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    Adrian Ghenie: Déchaîner la peinture

    Published by Actes Sud | Beaux-Arts
    Essay by Yannick Haenel

    An inspired and feverish essay on Adrian Ghenie’ (The Art Newspaper) by French writer Yannick Haenel which reflects on painting in an age of image saturation and flux.

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    Explore our Adrian Ghenie publications

    Read In Praise of Shadows, Conversation Between Adrian Ghenie and Dimitri Ozerkov

    As a boy Adrian Ghenie came across a catalogue of 17th and 18th century Dutch paintings from the Hermitage Museum, which had a profound effect on him, forming the basis for his encyclopaedic knowledge of art history. In his solo exhibition at the Hermitage, the artist’s new works reference the paintings of the Old Masters in an artistic homage to the museum’s collection.

    The balance of the canvas is like the twisting branches of trees: they grow from all sides, here and there they meet at right angles, but they never intertwine and never get tangled. – Dimitri Ozerkov


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    Exhibition views, 'I Have Turned My Only Face', The State Hermitage Museum, St. Petersburg, Russia, 2019


    Read a poem by Ghérasim Luca in light of Adrian Ghenie’s Jungles in Paris paintings

    The title Jungles in Paris is drawn from Henri Rousseau’s exhibition at Tate Modern in 2005–06, which inspired Ghenie’s series of works exploring the juxtaposition of urban Paris with the wild, untethered jungle. Alongside his paintings, the publication includes Ghenie’s collages and charcoals that reveal his approach to composition and movement. It opens with Self-Shadowing Prey (c. 1989), a visually forceful poem by Romanian-born, Paris-based writer Ghérasim Luca (1913–1994) which resonates with Ghenie’s sensibility and iconography.


    Adrian Ghenie: Jungles in Paris

    Galerie Thaddaeus Ropac, Paris Marais, 2018
    Poem by Ghérasim Luca

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    Exhibition views, Jungles in Paris, Galerie Thaddaeus Ropac, Paris Marais, 2018


    Read a passage from curator Luca Massimo Barbero’s essay on The Battle Between Carnival and Feast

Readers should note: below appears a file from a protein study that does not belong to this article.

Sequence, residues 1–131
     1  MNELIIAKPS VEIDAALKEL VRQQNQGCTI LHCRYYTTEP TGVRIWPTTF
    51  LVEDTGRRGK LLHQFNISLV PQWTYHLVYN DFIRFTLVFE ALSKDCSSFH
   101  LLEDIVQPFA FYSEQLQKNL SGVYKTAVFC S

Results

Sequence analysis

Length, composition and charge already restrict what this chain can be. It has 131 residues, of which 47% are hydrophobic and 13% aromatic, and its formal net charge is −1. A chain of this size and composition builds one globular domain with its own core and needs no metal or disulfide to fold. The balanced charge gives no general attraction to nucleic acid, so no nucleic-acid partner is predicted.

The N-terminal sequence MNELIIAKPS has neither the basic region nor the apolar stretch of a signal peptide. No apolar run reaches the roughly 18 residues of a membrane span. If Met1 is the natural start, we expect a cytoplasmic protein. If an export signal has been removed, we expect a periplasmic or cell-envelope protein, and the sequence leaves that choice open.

Adrian Ghenie experiments with colour in ten paintings produced specifically for his exhibition at the Palazzo Cini in Venice. Here, Ghenie’s abstract figural paintings are presented alongside a text by art historian Luca Massimo Barbero which envisions Ghenie’s work as a shifting, unstable battleground in which sparring ideas and images confront the tradition of European painting.

    The chronicle of the new portraits breaks in like a battle. The sudden lightning, the liquefying construction, the portrait like an impossible, yet true mask. Painting as the drama of a feast. – Luca Massimo Barbero 




























    Adrian Ghenie: The Battle Between Carnival and Feast

    Palazzo Cini, Venice, 2019
    Text by Luca Massimo Barbero

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    Exhibition views, The Battle Between Carnival and Feast, Palazzo Cini, Venice, coinciding with the 58th Venice Biennale, 2019



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  • Jean-Michel Basquiat
    [PAST | PRESENT] Jean-Michel Basquiat

    Thaddaeus Ropac shares his early memories of the legendary artist Jean-Michel Basquiat’s second exhibition at the gallery:

    The winter of 1986 had been long and severe in New York City and I still remember the day I visited Basquiat in his studio. We met to discuss the exhibition we were planning for  that July in Salzburg. We spoke at length about Salzburg’s history of music, which he didn’t know. As a result of our conversation, he created the fantastic work Saxophone, in which he presented his personal idea of music. The highlight of this exhibition ended up being the work Rubber, which depicts a central figure emerging out of the fires of hell.


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    Exhibition poster


    Exhibition catalogue